Tzipi Livni resigns as member of Israeli parliament

Tzipi Livni (file) Tzipi Livni warned that Israel's existence was under threat because of its current leadership

Israel's former foreign minister and opposition leader, Tzipi Livni, has announced that she is resigning from the country's parliament, the Knesset.

However, Ms Livni said she was not withdrawing from public life and would remain a member of the Kadima party.

Her decision comes just over a month after she lost Kadima's leadership.

Ms Livni's successor as Kadima leader, Shaul Mofaz, had said he wanted her to help the party return to power in early elections widely expected this year.

Kadima is currently the biggest party in the Knesset, but recent polls have suggested the number of seats it holds could be halved.

Israel 'at threat'

Ms Livni submitted her resignation to Knesset Speaker Reuven Rivlin on Tuesday.

Analysis

Outside Israel, Tzipi Livni was one of the country's best known and most respected politicians - English-speaking, urbane and supportive of international efforts to reach a peace deal with the Palestinians. She was credited for not seeking a coalition with ultra-religious parties, even though as leader of the biggest party in the Knesset she could have, theoretically, become prime minister after the 2009 elections.

Inside Israel, however, her reputation and standing suffered as her centrist Kadima party failed to effectively challenge the Prime Minister, Benjamin Netanyahu, and his distinctively hawkish approach to peace talks.

The immediate future of Kadima, which she helped to found, is unclear. Under its new leader, Shaul Mofaz, the party is predicted to do badly in the next elections, which may take place as early as this autumn. In a short statement, as she handed in her resignation from the Knesset, Ms Livni said she never saw politics as an end in itself and suggested that political life in Israel had become cynical and dirty. When asked by a journalist what she intended to do next, she said: "We'll meet again."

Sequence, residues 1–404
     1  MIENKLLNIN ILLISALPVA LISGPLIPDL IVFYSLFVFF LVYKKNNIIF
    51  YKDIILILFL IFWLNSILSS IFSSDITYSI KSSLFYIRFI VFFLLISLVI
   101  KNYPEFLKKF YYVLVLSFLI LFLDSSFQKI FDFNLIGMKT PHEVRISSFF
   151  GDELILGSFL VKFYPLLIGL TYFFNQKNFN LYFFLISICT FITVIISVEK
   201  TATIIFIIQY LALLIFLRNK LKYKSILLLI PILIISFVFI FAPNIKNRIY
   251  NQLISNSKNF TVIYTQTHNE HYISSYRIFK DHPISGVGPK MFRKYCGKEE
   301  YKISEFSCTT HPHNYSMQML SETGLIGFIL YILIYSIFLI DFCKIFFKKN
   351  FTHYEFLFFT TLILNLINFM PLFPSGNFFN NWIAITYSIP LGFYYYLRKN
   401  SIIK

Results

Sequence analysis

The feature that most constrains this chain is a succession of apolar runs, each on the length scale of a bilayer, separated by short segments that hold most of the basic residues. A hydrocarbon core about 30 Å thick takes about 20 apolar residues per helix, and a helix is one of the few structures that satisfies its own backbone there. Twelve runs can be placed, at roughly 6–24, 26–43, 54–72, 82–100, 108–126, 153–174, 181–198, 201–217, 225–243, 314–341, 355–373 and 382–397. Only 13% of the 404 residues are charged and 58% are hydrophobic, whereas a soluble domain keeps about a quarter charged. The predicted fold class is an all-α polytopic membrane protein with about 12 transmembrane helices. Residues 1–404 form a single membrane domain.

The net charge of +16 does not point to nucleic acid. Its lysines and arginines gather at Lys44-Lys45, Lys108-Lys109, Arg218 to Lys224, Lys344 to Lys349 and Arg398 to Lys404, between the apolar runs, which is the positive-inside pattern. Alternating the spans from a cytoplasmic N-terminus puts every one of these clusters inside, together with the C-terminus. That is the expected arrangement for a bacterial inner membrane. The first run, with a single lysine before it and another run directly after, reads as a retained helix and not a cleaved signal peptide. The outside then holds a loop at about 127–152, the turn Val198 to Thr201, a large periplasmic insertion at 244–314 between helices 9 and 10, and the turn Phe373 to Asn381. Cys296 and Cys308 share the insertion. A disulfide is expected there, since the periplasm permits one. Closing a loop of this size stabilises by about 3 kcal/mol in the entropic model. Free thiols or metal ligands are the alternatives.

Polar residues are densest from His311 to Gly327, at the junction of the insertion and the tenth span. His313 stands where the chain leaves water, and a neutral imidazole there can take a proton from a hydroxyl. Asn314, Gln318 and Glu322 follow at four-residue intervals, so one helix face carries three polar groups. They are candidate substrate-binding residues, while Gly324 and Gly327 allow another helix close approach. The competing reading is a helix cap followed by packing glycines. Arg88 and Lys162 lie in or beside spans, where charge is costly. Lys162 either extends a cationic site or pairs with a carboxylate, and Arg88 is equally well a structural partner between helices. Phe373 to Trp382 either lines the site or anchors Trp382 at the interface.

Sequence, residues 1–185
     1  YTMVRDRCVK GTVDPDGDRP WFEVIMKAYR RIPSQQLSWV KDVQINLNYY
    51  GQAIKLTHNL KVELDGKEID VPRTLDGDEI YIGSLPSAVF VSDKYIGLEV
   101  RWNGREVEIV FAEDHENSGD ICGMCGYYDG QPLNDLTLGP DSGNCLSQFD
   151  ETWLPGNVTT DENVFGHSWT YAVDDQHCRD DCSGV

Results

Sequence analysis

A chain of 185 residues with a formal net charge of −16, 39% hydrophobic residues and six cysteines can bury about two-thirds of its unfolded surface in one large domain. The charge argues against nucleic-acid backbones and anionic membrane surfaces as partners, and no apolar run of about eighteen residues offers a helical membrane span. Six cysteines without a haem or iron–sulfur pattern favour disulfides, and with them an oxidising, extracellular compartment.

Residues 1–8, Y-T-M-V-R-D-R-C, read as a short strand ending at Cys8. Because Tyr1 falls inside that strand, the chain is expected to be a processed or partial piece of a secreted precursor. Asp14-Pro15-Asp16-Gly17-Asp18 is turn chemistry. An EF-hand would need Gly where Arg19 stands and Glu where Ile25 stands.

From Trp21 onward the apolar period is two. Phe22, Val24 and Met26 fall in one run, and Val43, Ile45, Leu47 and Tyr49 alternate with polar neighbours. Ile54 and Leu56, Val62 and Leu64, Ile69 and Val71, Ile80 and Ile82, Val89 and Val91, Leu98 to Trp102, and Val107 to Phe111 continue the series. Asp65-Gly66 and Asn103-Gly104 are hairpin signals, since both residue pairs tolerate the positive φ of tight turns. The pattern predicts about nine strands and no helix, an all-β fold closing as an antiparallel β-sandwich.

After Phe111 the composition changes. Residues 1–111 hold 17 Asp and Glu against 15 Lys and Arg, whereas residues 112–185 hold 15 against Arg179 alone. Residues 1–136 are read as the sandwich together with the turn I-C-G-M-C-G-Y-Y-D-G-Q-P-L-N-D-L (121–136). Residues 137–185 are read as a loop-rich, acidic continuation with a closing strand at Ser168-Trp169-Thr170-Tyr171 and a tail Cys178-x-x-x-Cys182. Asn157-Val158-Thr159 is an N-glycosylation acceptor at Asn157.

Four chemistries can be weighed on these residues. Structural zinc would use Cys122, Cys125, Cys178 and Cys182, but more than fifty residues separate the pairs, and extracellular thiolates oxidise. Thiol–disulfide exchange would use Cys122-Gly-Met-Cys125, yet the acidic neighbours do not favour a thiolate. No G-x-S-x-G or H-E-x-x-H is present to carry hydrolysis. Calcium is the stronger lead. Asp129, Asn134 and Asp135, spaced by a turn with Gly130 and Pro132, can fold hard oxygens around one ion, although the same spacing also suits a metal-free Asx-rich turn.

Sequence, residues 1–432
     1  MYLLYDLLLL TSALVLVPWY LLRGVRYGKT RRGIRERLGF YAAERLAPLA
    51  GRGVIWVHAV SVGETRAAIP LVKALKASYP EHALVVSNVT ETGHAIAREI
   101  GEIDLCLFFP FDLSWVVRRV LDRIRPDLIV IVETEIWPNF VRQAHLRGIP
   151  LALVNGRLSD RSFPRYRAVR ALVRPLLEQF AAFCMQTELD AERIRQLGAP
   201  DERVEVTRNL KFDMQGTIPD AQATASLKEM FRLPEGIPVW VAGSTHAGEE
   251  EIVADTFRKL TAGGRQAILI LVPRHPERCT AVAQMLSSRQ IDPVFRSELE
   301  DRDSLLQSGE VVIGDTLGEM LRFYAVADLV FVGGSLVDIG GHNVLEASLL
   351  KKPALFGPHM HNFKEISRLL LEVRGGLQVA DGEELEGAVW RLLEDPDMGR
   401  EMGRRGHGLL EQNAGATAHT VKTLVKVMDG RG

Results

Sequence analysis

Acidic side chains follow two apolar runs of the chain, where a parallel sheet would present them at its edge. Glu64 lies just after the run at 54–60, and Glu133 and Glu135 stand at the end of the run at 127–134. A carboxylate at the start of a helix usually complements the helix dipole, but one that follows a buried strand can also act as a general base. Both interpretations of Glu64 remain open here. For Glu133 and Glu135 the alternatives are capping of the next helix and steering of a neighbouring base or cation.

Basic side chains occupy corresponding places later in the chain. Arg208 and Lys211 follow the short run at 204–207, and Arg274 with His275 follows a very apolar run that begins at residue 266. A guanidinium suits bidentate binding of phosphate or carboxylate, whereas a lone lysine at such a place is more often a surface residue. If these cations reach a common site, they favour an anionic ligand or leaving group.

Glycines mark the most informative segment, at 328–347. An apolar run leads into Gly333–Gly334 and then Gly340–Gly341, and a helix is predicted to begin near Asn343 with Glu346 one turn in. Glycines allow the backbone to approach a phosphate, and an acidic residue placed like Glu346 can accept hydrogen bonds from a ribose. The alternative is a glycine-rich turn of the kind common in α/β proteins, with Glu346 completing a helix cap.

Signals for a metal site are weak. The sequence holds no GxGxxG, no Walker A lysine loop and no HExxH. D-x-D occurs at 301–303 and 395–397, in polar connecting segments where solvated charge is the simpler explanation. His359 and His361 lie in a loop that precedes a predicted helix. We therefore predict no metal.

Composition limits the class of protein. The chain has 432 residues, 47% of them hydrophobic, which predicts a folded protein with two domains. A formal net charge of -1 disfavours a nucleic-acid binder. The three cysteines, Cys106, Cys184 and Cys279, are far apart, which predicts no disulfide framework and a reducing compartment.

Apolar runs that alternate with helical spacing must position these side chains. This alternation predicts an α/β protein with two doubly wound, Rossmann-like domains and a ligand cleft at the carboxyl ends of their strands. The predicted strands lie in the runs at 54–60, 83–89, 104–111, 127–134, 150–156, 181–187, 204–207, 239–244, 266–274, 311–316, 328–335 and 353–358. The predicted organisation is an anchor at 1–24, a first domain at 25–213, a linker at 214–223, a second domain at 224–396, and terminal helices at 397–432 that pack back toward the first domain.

Speaking to reporters before the meeting, she said she was "leaving the Knesset at this point, but I'm not retiring from public life", adding that Israel was "too dear" to her.

"I was by Ariel Sharon's side on the day it was decided to form Kadima. It was founded in aim to create a government of hope and responsibility."

Ms Livni said she did not regret decisions which might have led to her losing the leadership, saying she was not "sorry for not backing down in the face of political blackmail - even when the price was being in the government - and for not willing to sell the country to the ultra-Orthodox".

"And I'm definitely not sorry for the main issue I promoted. Even if the Israeli-Palestinian conflict isn't in vogue right now, there's an urgent need to reach a permanent agreement with the Palestinians as well as with the Arab world," she added.

The former foreign minister also warned that Israel's existence was under threat because of its current leadership.

"Israel lives on the mouth of a volcano, the international clock is ticking, and the existence of a Jewish, democratic state is at threat," she said.

"The real danger is a politics that buries its head in the sand," she said, adding that it did not "take a Shin Bet chief to know that".

That was an apparent reference to criticism of Prime Minister Benjamin Netanyahu's policies on Iran and the Middle East peace process by Yuval Diskin, former head of Israel's internal security agency.

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